New-age antisemitism: Time to stop hatred in progressive groups in the US

American Jews’ long track record of involvement in civil rights campaigns, support for laws prohibiting discrimination against LGBT people and opposition to policies restricting immigration.

September 24, 2017 15:52
4 minute read.
Linda Sarsour

Linda Sarsour speaks onstage during the Women's March on Washington on January 21, 2017 in Washington, DC. . (photo credit: THEO WARGO/GETTY IMAGES/AFP)

SHORTLY AFTER serving in the US Army during World War II, my father of blessed memory received a job offer from a chemical manufacturer in Pennsylvania only to have the offer rescinded when the firm discovered he was Jewish. He ended up making a living as a bookkeeper in his native Portland, Oregon, where, until the 1970s, there were country clubs that refused membership to Jews.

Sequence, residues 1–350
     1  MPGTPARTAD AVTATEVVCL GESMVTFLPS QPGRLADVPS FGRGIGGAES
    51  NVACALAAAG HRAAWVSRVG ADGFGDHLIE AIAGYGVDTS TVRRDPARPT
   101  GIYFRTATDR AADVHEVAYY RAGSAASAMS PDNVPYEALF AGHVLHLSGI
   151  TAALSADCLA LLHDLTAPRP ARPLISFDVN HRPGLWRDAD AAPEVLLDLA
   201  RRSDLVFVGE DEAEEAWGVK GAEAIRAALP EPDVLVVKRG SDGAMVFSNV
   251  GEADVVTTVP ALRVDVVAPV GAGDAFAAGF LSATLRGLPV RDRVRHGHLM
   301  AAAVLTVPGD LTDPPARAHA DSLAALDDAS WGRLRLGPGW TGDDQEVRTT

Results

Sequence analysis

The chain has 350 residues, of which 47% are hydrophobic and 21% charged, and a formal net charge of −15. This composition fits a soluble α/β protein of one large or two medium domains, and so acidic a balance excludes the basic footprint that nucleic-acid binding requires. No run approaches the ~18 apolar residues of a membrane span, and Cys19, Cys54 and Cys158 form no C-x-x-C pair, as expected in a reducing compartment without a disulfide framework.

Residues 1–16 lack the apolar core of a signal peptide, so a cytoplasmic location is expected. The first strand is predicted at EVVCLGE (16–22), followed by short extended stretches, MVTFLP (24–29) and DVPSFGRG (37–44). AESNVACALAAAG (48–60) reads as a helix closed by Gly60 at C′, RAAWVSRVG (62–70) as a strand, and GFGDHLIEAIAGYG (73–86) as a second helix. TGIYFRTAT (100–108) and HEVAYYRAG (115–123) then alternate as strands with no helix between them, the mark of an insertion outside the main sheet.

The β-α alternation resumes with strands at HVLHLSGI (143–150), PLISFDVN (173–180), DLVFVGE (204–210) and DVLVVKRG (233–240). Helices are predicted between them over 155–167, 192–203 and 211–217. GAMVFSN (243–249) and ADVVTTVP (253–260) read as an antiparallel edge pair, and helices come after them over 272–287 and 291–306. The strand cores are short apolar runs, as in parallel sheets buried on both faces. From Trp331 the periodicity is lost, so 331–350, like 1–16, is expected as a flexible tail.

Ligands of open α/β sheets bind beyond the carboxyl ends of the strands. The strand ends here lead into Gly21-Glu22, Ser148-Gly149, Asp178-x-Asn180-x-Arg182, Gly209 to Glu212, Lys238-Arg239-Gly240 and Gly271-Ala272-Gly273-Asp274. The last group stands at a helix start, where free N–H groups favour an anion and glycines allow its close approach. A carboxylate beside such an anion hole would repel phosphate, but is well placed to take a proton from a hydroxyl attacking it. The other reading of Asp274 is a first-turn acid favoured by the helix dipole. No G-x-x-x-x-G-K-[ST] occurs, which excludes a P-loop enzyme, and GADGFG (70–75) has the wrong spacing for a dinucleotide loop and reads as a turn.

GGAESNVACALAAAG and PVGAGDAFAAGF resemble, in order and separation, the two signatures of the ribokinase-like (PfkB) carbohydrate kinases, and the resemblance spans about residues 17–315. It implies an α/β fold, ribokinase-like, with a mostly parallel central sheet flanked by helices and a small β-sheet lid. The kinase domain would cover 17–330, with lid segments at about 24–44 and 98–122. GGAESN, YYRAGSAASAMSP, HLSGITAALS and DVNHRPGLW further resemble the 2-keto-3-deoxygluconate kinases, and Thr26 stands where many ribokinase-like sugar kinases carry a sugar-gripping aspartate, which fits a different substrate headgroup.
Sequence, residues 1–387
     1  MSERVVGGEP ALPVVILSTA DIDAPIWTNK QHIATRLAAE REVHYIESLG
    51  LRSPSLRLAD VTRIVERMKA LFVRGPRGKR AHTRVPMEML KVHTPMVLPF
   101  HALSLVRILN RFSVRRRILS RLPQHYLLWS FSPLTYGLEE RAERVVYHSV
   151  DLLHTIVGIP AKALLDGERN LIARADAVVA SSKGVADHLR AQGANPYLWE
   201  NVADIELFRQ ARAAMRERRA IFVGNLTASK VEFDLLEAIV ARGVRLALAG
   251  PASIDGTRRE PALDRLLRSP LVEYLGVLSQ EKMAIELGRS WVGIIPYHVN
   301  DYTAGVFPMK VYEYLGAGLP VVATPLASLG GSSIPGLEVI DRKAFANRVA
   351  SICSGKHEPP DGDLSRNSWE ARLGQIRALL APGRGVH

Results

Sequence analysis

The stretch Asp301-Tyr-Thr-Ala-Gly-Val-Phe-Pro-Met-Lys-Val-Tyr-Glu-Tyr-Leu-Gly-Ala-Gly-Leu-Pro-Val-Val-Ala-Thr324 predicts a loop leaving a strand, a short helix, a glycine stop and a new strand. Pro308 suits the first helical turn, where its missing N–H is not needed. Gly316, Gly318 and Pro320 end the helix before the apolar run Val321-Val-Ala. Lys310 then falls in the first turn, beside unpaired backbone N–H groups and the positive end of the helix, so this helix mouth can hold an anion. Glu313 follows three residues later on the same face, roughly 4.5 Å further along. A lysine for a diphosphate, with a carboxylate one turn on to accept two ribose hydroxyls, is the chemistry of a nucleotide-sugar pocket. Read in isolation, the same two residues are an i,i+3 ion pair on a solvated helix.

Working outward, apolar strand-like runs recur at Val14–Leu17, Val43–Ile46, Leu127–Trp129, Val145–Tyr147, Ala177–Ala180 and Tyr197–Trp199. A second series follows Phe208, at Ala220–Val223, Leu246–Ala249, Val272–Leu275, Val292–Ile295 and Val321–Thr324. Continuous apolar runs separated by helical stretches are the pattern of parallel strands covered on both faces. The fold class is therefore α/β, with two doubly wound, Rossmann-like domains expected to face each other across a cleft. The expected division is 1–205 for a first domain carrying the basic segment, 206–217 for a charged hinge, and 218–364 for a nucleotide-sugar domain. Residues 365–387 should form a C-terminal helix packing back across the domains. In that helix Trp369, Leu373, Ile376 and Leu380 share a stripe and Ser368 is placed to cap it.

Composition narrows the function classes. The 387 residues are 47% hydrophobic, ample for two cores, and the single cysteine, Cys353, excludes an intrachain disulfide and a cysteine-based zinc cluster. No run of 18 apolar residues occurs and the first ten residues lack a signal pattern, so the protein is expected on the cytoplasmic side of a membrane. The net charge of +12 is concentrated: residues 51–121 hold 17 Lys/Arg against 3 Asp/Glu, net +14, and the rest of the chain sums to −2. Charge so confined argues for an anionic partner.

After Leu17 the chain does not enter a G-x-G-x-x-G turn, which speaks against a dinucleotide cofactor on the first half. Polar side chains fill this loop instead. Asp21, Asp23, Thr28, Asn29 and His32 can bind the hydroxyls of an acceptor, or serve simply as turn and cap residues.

With the adoption of anti-discrimination laws and the emergence of a more open, tolerant culture in the US (the white supremacist fringe notwithstanding), it was assumed by many observers that such antisemitic exclusion would become a thing of the past. They were wrong.


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